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On March 3, 2016, the Department of Homeland Security (DHS) formally announced the Known Employer pilot program. In January 2015, DHS advised that it would evaluate the Known Employer pilot as part of the United States-Canada Beyond the Border initiative. The pilot program was also recommended in the multi-agency report to the president, entitled “Modernizing and Streamlining Our Legal Immigration System for the 21st Century.”

The program’s goals are paperwork reduction, consistency in adjudicating employment-based petitions, efficiency, and supporting partnership between U.S. Citizenship and Immigration Services (USCIS), U.S. Customs and Border Protection (CBP), and the Department of State (DOS). To test the program’s ability to meet these goals, the program will allow a select group of companies to submit documentation to obtain a predetermination of certain eligibility requirements for the employer, prior to petitioning for individual employees. DHS acknowledges that this predetermination process, under which USCIS will evaluate the employer’s eligibility based upon information relating to corporate structure, operations, and financial health, is intended in part to minimize duplicative Requests for Evidence relating to employer-provided documents common to multiple individual petitions and applications.

The program will permit participating companies to create a profile and upload documents to a digital document library, along with Form I-950, “Application for Predetermination under Known Employer Program.” If USCIS approves the documents filed, the employer will be allowed to file petitions and applications for individual employees without resubmitting documents common to multiple individual petitions or applications. USCIS will defer to prior approval absent material error in the initial approval, a substantial change in circumstances, or material information that would adversely affect the validity of the predetermination.

The following employment-based immigrant and nonimmigrant classifications are the only classifications included in the program at the present time:

  • EB-1, outstanding professor or researcher;
  • EB1, multinational executive or manager;
  • H-1B, specialty occupation worker;
  • L-1A, intracompany transferee in a position involving specialized knowledge; and
  • TN, Canadian and Mexican citizens engaged in business activities under the North American Free Trade Agreement (NAFTA).

DHS and DOS worked together to select nine employers to participate in the program.  Documents uploaded by participating companies will be available to CBP and DOS officers.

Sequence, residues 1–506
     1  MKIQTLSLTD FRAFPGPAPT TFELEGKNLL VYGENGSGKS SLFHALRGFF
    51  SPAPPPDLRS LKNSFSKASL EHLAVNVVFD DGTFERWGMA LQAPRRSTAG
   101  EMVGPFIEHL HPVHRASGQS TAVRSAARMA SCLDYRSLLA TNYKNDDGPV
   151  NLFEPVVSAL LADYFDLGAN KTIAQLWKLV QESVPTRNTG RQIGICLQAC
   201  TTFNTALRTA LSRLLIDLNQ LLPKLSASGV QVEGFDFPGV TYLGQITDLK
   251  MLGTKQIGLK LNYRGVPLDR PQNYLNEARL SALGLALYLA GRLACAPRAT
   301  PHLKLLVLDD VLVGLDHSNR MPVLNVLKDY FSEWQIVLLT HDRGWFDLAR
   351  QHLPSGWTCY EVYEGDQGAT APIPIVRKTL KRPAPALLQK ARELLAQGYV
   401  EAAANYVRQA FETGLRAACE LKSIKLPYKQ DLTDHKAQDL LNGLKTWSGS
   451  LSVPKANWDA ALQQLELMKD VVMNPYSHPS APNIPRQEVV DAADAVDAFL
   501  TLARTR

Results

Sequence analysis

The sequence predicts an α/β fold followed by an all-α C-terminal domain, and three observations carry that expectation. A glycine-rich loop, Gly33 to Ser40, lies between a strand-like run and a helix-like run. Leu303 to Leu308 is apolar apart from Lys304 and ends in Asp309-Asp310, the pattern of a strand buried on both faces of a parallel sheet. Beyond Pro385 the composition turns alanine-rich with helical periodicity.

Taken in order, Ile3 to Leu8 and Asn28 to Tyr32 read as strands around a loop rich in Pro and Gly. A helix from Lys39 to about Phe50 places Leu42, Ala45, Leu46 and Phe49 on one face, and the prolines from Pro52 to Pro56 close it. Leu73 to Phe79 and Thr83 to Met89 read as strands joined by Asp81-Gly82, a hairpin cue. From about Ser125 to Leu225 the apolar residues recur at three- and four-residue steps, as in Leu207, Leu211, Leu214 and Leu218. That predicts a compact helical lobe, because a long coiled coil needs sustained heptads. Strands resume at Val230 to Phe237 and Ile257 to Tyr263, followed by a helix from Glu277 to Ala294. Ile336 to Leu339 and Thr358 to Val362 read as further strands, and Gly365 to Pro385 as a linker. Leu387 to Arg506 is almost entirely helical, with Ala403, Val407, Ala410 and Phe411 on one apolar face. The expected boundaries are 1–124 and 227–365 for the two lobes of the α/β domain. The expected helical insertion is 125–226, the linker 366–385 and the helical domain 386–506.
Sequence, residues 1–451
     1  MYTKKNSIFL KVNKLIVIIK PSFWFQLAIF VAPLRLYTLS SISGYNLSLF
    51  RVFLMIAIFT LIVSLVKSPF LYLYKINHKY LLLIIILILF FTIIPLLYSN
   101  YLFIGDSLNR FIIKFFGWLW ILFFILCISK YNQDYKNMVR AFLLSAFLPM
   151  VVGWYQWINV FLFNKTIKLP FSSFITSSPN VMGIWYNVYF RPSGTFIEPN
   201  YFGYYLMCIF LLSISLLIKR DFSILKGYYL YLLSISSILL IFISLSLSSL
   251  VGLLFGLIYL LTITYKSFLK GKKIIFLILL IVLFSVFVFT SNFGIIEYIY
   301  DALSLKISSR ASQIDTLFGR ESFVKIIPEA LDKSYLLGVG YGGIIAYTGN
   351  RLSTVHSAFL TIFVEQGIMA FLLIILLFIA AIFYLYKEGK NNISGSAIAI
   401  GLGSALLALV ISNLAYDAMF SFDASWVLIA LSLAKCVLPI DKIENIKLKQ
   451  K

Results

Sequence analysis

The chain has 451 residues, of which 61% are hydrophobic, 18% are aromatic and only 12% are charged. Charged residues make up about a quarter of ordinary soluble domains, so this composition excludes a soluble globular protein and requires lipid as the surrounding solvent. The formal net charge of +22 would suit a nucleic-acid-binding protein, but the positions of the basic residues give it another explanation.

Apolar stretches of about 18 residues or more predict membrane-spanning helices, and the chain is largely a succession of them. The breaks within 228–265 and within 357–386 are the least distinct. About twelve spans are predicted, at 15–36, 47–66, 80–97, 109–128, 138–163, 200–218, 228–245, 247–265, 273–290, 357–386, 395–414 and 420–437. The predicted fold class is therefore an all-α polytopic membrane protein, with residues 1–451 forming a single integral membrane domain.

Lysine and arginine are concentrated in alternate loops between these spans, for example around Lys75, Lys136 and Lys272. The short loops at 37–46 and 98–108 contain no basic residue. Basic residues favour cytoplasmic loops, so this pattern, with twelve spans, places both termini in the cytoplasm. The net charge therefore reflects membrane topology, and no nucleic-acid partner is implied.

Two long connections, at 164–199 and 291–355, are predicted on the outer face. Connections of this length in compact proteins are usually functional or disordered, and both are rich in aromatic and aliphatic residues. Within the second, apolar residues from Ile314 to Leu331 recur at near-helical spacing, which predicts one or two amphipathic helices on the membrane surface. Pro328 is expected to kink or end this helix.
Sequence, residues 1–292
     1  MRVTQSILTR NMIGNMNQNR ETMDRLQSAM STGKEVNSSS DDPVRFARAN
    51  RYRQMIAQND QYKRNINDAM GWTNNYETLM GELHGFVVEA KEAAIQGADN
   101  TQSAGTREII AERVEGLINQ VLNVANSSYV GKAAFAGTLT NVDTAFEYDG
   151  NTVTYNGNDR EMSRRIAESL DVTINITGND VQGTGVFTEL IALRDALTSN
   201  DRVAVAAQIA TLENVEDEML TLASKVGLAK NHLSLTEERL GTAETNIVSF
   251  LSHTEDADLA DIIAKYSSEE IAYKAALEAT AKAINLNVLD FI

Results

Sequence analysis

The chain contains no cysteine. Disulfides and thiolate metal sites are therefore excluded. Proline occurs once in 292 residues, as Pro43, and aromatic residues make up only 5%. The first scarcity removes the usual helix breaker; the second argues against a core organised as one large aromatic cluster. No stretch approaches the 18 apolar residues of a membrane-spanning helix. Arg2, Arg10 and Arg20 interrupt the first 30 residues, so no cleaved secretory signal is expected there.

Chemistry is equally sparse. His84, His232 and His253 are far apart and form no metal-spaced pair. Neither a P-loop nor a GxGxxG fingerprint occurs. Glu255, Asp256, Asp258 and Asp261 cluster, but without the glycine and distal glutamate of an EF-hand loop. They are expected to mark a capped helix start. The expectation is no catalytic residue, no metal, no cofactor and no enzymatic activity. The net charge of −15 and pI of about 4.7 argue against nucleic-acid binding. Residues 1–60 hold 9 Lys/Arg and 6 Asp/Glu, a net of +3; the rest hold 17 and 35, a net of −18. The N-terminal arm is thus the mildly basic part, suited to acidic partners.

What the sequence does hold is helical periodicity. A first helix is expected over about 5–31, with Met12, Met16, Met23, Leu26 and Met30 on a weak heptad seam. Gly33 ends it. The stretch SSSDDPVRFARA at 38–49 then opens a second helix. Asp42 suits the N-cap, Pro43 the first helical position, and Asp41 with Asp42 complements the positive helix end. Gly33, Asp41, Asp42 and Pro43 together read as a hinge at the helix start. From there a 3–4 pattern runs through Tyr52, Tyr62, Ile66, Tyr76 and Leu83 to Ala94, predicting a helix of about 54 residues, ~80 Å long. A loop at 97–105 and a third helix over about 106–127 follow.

Detailed information can be found at USCIS’ web page dedicated to the Known Employer pilot program. DHS will publicly announce the results of the pilot program, and, if successful, will expand its use to all eligible employers. GT will monitor this program and report on developments as they occur.

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Photo of Laura Foote Reiff‡ Laura Foote Reiff‡

Laura Foote Reiff is the Co-Managing Shareholder of the Northern Virginia Office. She also Co-Chairs the firm’s Labor & Employment Practice’s International Employment, Immigration & Workforce Strategies group. Laura focuses her practice on business immigration laws and regulations affecting U.S. and foreign companies,

Laura Foote Reiff is the Co-Managing Shareholder of the Northern Virginia Office. She also Co-Chairs the firm’s Labor & Employment Practice’s International Employment, Immigration & Workforce Strategies group. Laura focuses her practice on business immigration laws and regulations affecting U.S. and foreign companies, as well as related employment compliance and legislative issues.

Laura advises corporations on a variety of compliance-related issues, particularly related to Form I-9 eligibility employment verification matters. Laura has been involved in audits and internal investigations and has successfully minimized monetary exposure as well as civil and criminal liabilities on behalf of her clients. She develops immigration compliance strategies and programs for both small and large companies. Laura performs I-9, H-1B and H-2B compliance inspections during routine internal reviews, while performing due diligence (in the context of a merger, acquisition or sale) or while defending a company against a government investigation.

Laura represents many businesses in creating, managing and using “Regional Centers” that can create indirect jobs toward the 10 new U.S. jobs whose creation can give rise to EB-5 permanent residence for investment. She coordinates this work with attorneys practicing in securities law compliance, with economists identifying “targeted employment areas” and projecting indirect job creation, and with licensed securities brokers coordinating offerings. She also represents individual investors in obtaining conditional permanent residence and in removing conditions from permanent residence.

Laura’s practice also consists of managing business immigration matters and providing immigration counsel to address the visa and work authorization needs of U.S. and global personnel including professionals, managers and executives, treaty investors/ traders, essential workers, persons of extraordinary ability, corporate trainees, and students. She is an immigration policy advocacy expert and works on immigration reform policies.